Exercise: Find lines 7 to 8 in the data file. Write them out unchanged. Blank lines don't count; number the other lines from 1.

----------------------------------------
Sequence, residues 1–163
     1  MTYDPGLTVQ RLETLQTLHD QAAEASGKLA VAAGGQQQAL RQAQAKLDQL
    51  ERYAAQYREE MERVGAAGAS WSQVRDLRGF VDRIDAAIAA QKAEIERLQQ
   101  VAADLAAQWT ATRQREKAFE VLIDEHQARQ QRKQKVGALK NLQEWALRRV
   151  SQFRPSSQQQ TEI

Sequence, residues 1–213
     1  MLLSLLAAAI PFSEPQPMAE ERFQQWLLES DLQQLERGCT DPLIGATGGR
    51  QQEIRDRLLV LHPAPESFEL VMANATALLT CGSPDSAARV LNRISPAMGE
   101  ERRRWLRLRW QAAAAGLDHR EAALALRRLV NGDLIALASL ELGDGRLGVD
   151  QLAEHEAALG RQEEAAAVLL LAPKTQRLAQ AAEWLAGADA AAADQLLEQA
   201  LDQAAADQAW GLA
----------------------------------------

     1  MLLSLLAAAI PFSEPQPMAE ERFQQWLLES DLQQLERGCT DPLIGATGGR
    51  QQEIRDRLLV LHPAPESFEL VMANATALLT CGSPDSAARV LNRISPAMGE